Sebastian self-destructed his own Jace by winding it down to zero loyalty in order to Unsummon his opponent's creatures, but re-upped with a second copy. By the time he passed the turn back to his opponent, Thaler had a Gideon on seven counters, a Jace on two, and an opponent with nothing but lands on the table. Wu Tong was in a bad spot, and he knew it. He untapped and cast Siege-Gang Commander , immediately offing a Goblin token in order to blow up his opponent's Jace.
As if to mock the Jund deck, Thaler's planeswalker deck immediately offered up a Mind Spring , letting him zoom right back up to a full grip. While it might take some turns, at 9 life with an active Gideon Jura , it looked like Sebastian Thaler had it locked up. But you should ever count out the Jund deck's ability to burn an opponent out. When Sebastian attempted to cast an Oblivion Ring targeting Siege-Gang Commander , Wu Tong responded by sacrificing all of his available Goblins to send them at Thaler's head. Total damage? Six, leaving Sebastian at just 3 life. All it would take for Tong to score the game 1 win was a Blightning or Lightning Bolt from the top of his deck.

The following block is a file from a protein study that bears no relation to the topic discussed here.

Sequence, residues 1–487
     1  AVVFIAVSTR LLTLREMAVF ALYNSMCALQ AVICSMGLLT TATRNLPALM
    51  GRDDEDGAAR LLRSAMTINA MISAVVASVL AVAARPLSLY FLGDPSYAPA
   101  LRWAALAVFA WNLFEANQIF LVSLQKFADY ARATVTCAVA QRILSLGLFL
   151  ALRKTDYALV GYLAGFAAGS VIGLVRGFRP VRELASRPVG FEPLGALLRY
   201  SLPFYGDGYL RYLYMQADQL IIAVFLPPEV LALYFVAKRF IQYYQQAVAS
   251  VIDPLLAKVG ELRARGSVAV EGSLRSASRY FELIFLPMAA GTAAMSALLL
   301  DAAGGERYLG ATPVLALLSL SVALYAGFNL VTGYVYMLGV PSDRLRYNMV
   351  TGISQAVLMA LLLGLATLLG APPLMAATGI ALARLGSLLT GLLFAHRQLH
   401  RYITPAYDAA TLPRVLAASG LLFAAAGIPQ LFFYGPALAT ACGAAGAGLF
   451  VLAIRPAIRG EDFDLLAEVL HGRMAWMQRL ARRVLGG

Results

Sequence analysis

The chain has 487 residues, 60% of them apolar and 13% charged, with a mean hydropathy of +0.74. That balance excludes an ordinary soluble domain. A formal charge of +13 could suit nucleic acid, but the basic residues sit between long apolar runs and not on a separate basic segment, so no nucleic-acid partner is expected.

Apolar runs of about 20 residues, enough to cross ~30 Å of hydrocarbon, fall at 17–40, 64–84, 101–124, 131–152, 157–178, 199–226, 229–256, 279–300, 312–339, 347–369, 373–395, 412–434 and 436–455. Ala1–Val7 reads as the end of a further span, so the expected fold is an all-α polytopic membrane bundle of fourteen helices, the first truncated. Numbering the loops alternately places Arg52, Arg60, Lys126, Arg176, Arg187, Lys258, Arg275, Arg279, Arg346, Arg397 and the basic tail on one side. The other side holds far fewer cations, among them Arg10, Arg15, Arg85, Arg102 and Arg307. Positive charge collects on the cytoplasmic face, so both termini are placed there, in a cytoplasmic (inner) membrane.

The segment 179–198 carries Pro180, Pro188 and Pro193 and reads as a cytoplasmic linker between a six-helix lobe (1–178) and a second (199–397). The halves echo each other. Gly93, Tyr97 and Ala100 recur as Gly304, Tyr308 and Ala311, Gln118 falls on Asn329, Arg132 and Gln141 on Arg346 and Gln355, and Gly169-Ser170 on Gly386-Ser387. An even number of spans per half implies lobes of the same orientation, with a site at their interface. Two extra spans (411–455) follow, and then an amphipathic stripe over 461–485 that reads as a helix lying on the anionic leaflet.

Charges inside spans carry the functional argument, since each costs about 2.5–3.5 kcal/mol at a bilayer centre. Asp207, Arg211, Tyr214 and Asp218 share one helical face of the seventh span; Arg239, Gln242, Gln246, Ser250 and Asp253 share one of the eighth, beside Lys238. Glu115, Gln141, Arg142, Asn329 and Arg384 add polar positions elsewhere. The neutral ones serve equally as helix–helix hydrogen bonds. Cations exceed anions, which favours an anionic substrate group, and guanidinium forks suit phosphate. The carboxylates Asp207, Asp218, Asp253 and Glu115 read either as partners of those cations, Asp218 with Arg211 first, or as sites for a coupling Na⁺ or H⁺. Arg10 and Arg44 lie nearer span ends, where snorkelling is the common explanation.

He didn't hit it, but he did have a Bituminous Blast . That meant the possibility of cascading into one of the victory conditions, so Tong cast it targeting a Wall of Omens . He revealed? Putrid Leech . Not as exciting, but a free Leech was nothing to complain about. He then cast Maelstrom Pulse to take out Gideon Jura , and ended his turn by casting Plated Geopede .
The match was dragging on, eating a significant amount of time off the clock. If one of the two players didn't win soon, it looked like they might not make it to the second or third games. Thaler cast Martial Coup , coming up with 12 Soldier tokens and clearing Wu's side of the table, but Tong re-upped with Bloodbraid Elf (whiffing on the burn spell he so desperately wanted and landing a Plated Geopede instead) and Sprouting Thrinax . It was a definite nail biter.